Quick Facts about Decoding Dyslexia:
Founded by a group of passionate and frustrated parents in 2011 who met en route to a learning disability conference in New York City, the organization describes itself as a network of parent-led grassroots movements across the country concerned with the limited access to educational interventions for dyslexia within the public education system.
Since its humble beginnings in 2011, DD groups
have been sprouting up all around the United States, and now sports a group in every state.
Deborah Lynam describes the origins and purpose of Decoding Dyslexia
Each group builds its local movement by networking with families and professionals to gain support for the Decoding Dyslexia mission, tapping their collective voices and talents to advance school and state services for dyslexics.
In June of 2014, Decoding Dyslexia went international with a branch in British Columbia Canada. Shortly after groups popped up in Manitoba, Ontario and Nova Scotia. A Canadian wave has clearly started.
Decoding Dyslexia aims to raise dyslexia
awareness, empower families to support their children and inform
policy-makers on best practices to identify, remediate and support
students with dyslexia.
They advocate for the following policy goals:
Several Decoding groups have been advocating for legislation in support of the groups goals. The New Jersey group, for example, succeeded in getting a piece of legislation passed that supports early dyslexia screening in public schools. The
Bill was signed into law by Governor Chris Christie in January of 2014 and
requires that students with reading difficulties in the earliest grades
be screened by their schools for dyslexia and other reading
disorders. Truly, a remarkable accomplishing for such a young group.
Key sections of the Bill can be found below, or you can read the full text.
Recently Decoding groups, supported by the Yale Center for Creativity and Dyslexia have been lobbying for a federal resolution on dyslexia. Resolution 456 would call on “schools and state and local educational agencies to recognize that dyslexia has significant educational implications that must be addressed.” Below is the full text of the resolution:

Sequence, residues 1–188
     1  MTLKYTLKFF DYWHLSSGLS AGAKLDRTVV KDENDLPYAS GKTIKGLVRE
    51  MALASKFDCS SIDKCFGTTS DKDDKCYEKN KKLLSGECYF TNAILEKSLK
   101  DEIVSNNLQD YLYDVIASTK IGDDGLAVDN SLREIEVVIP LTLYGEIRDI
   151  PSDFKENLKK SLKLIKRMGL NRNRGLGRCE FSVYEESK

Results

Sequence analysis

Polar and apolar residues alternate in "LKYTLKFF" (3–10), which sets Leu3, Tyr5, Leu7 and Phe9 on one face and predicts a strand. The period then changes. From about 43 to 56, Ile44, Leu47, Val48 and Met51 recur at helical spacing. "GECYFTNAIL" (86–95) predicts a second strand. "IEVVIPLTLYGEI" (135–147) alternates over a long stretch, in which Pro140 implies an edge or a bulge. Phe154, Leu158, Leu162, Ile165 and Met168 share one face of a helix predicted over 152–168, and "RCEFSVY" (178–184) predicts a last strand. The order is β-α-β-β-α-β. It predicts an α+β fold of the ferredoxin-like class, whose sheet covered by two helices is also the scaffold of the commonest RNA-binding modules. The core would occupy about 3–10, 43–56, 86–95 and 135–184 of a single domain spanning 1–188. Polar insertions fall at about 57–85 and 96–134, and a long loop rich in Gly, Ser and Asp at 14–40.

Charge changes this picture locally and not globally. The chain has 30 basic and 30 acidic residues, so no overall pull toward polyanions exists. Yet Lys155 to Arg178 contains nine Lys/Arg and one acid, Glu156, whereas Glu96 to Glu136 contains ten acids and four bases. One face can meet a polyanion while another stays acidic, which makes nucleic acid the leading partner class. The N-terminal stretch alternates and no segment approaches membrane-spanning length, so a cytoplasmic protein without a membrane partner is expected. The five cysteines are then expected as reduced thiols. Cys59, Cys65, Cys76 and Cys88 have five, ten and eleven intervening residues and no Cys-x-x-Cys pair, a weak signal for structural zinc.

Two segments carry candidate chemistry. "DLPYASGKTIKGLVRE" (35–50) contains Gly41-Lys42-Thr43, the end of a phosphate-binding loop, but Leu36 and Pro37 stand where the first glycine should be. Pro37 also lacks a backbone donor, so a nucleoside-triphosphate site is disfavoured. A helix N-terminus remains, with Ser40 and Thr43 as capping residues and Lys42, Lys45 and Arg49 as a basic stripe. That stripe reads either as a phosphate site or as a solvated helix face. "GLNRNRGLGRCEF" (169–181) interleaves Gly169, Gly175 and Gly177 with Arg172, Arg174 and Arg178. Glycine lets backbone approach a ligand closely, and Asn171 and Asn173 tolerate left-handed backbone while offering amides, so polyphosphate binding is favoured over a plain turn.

Calling on schools and State and local educational agencies to recognize that dyslexia has significant educational implications that must be addressed.
Whereas, defined as an unexpected difficulty in reading in an individual who has the intelligence to be a much better reader, dyslexia reflects a difficulty in getting to the individual sounds of spoken language which typically impacts speaking, reading, spelling, and often, learning a second language;
Whereas dyslexia is highly prevalent, affecting one out of five individuals in some form, and is persistent;
Whereas dyslexia is a paradox, so that often the same individual who has a weakness in decoding or reading fluency also has strengths in higher level cognitive functions such as reasoning, critical thinking, concept formation, and problem solving;
Whereas great progress has been made in understanding dyslexia at a scientific level, including its epidemiology, and cognitive and neurobiological bases;
Whereas diagnosis of dyslexia is critical, and must lead to focused, evidence-
based interventions, necessary accommodations, self-awareness, self-
empowerment, and school and life success: Now, therefore, be it
Resolved, That the House of Representatives calls on schools and
State and local educational agencies to recognize that dyslexia has
significant educational implications that must be addressed.
Over 100 representatives have already
signed on as co-sponsors, though the future of the resolution remains uncertain.
There are lots of ways to get involved:
Back to the top of Decoding Dyslexia